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The Five People You Meet in Heaven was written by Mitch Albom. It was published in 2003 and sold more than six million copies worldwide. It follows the story of an amusement park maintenance man named Eddie. Eddie recently died trying to save a young girl from a freak ride accident and is now in heaven.
The reader follows Eddie’s journey through heaven as he meets five people that have in someway influenced his life. This is a journey similar to what we experience politically.
For most, politics and civics isn’t introduced until later in one’s life. People do not begin their lives being political. Children do not argue about politics on the playground. They aren’t yet exposed to the talk that can monopolize the lives of adults. As they get older, they become exposed to politics, which usually begins at home.
This starts a political journey that lasts a lifetime. Along the way, we meet five people that impact our political decisions.
The first people you meet on your journey is the first person you hear the political opinions of. For me, it was my Republican parents. For others, it can be another relative, a teacher, or even a friend. This usually kick starts your first set of political opinions. For years, I identified as a Republican.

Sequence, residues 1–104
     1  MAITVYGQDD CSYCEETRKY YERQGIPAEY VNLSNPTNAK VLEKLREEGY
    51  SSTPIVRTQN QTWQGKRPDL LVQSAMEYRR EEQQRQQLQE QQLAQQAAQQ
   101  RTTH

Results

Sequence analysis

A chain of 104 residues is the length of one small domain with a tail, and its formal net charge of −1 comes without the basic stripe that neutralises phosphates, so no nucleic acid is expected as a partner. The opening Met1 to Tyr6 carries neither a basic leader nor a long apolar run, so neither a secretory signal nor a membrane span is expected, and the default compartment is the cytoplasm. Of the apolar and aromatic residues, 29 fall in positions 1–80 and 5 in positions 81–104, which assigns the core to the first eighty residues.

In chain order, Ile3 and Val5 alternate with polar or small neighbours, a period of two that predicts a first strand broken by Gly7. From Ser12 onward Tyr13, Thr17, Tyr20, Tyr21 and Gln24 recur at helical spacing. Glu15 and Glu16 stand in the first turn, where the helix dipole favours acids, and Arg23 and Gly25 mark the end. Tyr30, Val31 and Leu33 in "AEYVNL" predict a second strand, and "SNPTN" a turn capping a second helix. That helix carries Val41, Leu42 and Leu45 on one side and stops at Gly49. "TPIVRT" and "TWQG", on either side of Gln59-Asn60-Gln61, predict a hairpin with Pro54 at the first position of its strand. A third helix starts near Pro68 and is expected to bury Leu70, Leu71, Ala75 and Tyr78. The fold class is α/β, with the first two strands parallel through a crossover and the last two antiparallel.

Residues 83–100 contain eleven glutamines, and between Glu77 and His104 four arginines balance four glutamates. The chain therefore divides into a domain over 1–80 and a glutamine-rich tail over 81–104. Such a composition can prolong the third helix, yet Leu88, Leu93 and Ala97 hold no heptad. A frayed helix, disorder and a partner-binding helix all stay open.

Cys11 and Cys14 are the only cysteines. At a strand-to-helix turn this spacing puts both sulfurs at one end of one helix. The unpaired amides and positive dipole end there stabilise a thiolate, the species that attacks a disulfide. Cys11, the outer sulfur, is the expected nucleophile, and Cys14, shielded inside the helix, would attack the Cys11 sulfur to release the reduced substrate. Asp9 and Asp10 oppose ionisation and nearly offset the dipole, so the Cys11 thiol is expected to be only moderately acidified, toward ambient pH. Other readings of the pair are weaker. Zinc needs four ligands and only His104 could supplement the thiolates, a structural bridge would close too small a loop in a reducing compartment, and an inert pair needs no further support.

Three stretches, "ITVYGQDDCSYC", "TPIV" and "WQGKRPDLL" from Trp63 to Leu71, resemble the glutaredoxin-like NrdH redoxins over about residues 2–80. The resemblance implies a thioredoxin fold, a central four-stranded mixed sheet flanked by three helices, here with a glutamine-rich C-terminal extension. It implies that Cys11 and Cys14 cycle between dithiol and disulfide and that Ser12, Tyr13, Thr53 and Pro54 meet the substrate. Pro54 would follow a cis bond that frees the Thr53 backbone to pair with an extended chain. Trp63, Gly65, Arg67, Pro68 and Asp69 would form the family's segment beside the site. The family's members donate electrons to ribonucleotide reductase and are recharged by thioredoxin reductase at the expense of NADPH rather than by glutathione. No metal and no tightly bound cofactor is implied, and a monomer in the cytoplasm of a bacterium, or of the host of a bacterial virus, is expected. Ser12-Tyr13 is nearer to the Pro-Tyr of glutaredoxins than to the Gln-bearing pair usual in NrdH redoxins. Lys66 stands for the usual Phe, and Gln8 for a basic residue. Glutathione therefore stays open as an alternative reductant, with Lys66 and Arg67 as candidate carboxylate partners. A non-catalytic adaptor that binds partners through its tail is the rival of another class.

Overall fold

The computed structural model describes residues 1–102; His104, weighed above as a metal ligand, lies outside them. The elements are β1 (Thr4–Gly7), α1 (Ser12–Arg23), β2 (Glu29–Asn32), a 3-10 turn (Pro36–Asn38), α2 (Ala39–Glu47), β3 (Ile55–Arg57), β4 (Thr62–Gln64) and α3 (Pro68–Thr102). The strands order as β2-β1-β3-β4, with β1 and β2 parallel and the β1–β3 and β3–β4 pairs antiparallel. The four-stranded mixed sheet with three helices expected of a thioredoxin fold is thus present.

The second person you meet in politics is someone who believes the same things you do. This person is easy to get along with, they agree with you on most, if not all things. They very well may be your new best friend.
Here is where things start to get tricky: the third person you meet on your journey is someone who challenges you. This is someone who doesn’t agree with you on anything political. It could be a family member, friend or professor. They argue with you and challenge you to look at the world from their perspective.
It isn’t until later on that you realize the importance of this person.
The fourth person you meet in politics really shakes things up. They believe what you believe. They are in the same political party as you, but there is a problem. They aren’t a very good person. Your hear them say something awful about another person, or perhaps you find something unfavorable about the way they treat people. Either way, you question if you truly believe in the ideals that you have clung to for years. The answer is often times complicated.
The fifth and final person you meet in politics is the most important. That person is yourself. Not just any version of yourself. This version comes after all the self-doubt, exposure to new things, people, places, and ideas. This is the person that you become after all that. In my experience this is never the person you were before.
Just like The Five People You Meet in Heaven, the five people we meet along the way change us. They make us reconsider things we thought we would never change our minds on, but in the end, it’s all for the best.